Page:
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    Published on April 21st, 2012 | by Greg

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    Fagor’s Powerful New Portable Induction Cooktop

    Pow­er mat­ters. Whether it’s a gen­er­a­tor, a pro­ces­sor, or an au­to­mo­bile, you can usu­al­ly find a num­ber that sums up the pow­er of a prod­uct. It isn’t the most im­por­tant num­ber, typ­i­cal­ly- many oth­er con­sid­er­a­tions come in­to play. But it’s cer­tain­ly one sim­ple way to mea­sure im­prove­ment over time, and to ob­jec­tive­ly look at change. We’ve checked out sev­er­al mod­els sim­i­lar to to­day’s nifty piece of kitchen gear, but this one is the most pow­er­ful, and al­so man­ages to be sleek and slim.

    We’re talk­ing about the Fagor Portable In­duc­tion Cook­top 1800W, the up­grade to a pre­vi­ous mod­el, adding a pair of quick launch but­tons for im­me­di­ate warm­ing or boil­ing, and up­ping the pow­er by 500 watts. The max­i­mum tem­per­a­ture that the cook­top can reach has not changed- you’re still look­ing at be­ing able to set it be­tween 140°F – 430°F. But op­er­at­ing is faster- you’ll be able to get pas­ta cooked in the time in might take you to get the wa­ter boil­ing with an elec­tric cook­top. A lot of this is just ef­fi­cien­cy in ac­tion: in­duc­tion di­rects the en­er­gy at the pan rather than much of it be­ing dis­si­pat­ed as heat. In fact, you can save a lot of en­er­gy by us­ing in­duc­tion, and it has the ad­van­tage of be­ing more pre­cise as well- you can set it and hit a spe­cif­ic tem­per­a­ture, which is well nigh im­pos­si­ble on most stoves.

    The oth­ers that we have tried have some ad­van­tages- the Hearth­ware Pre­ci­sion is less ex­pen­sive though less at­trac­tive and ca­pa­ble, and the Fissler Cook­star is sex­i­er but quite a bit more cost­ly. They all ben­e­fit from easy clean­ing, with a sur­face that you can pret­ty much wipe down, and the safe­ty ben­e­fits of be­ing cool to the touch even when cook­ing. And they all re­quire the same at­ten­tion to cook­ware: be­fore buy­ing in­duc­tion, make sure that you al­ready have com­pat­i­ble pans, or be ready to buy them. As we’ve men­tioned be­fore, cop­per and alu­minum won’t work, but most oth­ers will- any­thing that a mag­net would stick to. The Fagor mod­el seemed a bit loud­er than the oth­ers, but was al­so thin­ner and eas­i­er to put away when not in use.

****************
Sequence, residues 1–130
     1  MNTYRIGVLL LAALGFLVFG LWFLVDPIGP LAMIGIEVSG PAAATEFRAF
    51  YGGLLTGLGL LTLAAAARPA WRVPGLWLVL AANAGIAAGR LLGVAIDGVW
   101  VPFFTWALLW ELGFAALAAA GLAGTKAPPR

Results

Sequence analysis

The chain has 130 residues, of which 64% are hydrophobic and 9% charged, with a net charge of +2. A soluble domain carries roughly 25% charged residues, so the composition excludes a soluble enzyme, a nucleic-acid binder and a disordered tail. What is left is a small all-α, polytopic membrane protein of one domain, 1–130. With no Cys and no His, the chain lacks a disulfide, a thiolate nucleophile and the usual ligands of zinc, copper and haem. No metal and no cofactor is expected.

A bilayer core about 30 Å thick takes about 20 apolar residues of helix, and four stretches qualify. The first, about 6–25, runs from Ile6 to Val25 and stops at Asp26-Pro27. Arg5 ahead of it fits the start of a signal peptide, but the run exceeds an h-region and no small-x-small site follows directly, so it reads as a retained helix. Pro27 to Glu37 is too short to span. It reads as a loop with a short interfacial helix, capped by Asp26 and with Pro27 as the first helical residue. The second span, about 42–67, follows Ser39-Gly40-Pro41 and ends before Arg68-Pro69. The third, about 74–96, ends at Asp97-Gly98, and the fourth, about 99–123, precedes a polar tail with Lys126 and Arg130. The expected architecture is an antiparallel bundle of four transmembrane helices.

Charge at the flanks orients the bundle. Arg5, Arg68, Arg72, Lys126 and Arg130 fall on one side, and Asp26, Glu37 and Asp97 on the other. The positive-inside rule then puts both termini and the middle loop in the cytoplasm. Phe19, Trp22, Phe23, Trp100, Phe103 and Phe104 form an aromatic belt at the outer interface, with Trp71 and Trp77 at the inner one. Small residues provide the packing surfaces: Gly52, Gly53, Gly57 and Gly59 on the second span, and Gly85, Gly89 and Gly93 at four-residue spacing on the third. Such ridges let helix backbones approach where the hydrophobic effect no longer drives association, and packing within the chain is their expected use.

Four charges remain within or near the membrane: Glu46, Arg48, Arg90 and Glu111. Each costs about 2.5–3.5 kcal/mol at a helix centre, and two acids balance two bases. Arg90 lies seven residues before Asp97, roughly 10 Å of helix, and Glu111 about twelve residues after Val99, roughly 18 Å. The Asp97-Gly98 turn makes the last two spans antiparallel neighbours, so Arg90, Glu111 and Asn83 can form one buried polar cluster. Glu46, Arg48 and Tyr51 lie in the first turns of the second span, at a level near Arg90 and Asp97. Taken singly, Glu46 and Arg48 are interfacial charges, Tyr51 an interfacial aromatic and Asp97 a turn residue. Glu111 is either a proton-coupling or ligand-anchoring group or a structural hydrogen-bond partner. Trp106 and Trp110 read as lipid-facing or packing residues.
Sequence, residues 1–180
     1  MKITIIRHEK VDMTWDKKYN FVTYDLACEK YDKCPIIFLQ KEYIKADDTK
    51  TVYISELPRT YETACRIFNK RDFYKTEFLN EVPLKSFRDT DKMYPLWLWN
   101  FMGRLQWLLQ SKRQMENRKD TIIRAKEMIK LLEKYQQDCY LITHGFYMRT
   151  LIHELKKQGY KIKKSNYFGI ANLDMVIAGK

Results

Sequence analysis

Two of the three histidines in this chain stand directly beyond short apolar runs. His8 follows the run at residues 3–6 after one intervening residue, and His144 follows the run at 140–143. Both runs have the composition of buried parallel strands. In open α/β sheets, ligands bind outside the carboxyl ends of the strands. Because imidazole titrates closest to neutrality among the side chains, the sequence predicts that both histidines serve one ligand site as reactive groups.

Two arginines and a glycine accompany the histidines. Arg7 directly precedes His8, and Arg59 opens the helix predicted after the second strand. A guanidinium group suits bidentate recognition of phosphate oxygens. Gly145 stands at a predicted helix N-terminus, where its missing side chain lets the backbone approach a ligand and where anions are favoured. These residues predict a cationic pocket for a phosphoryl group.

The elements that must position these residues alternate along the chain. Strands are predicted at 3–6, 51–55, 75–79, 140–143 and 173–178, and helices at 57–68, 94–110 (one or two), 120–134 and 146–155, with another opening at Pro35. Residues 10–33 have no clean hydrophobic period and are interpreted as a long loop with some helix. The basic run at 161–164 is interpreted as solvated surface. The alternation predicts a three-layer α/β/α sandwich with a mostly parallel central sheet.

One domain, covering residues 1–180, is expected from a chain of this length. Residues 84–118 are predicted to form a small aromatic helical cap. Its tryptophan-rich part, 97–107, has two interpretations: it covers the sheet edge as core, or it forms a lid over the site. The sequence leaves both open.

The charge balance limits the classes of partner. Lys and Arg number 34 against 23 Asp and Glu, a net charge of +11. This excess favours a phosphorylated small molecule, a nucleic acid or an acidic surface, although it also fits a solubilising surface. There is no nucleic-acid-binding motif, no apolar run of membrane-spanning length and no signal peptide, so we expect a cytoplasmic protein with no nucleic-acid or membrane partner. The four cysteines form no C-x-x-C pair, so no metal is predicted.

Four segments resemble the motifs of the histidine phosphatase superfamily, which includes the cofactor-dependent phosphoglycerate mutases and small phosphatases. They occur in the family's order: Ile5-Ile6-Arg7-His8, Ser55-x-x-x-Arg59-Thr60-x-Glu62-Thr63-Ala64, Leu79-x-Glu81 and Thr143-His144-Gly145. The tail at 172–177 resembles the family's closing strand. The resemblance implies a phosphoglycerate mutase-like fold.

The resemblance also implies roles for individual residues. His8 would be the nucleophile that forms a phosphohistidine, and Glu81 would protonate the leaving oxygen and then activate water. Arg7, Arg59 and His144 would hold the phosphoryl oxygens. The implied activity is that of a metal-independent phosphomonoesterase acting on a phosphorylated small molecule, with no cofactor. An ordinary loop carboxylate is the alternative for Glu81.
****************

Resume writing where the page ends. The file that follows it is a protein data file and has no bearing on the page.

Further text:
This is per­haps the best val­ue in­duc­tion sys­tem that we’ve used. We can see it be­ing per­fect for a per­son­al chef, at par­ties (fon­due!), for cook­ing demon­stra­tions, as well as for some trav­el sit­u­a­tions like in an RV. Avail­able on­line and in stores for around $200.

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    About the Author

    Greg dreamed up the idea for the Truly Network while living in Hawaii, which began with a single site called TrulyObscure. In 2010, when advertisers and readers were requesting coverage beyond the scope of that site, TrulyNet was launched, reaching a broader audience over a variety of niche sites. Formerly the head technology correspondent for the Des Moines Register at age 16, he has since lived and worked in five states and two countries, helping a list of organizations and companies that includes the United States Census Bureau, TripAdvisor, Events Photo Group, Berlitz, and Computer Geeks. He also served as the Content Strategy Manager for HearPlanet, a multi-platform app that has reached over a million users and has been featured in the New York Times, Hemispheres Magazine, National Geographic Adventure, Fox Business News, PC Magazine, and even Apple’s own iPhone ads. Greg has written as a restaurant critic and feature journalist for a number of national and international publications, including City Weekend Magazine, Red Egg Magazine, the Newton Daily News, Capital Change Magazine, and an arm of China Daily, Beijing Weekend. In addition, he has served as a consulting editor for the Foreign Language Press of Beijing, as well as a writer and editor for the George Washington University Hatchet, the school newspaper of his alma mater. Originally from Iowa, Greg is currently living in the West Village of Manhattan.



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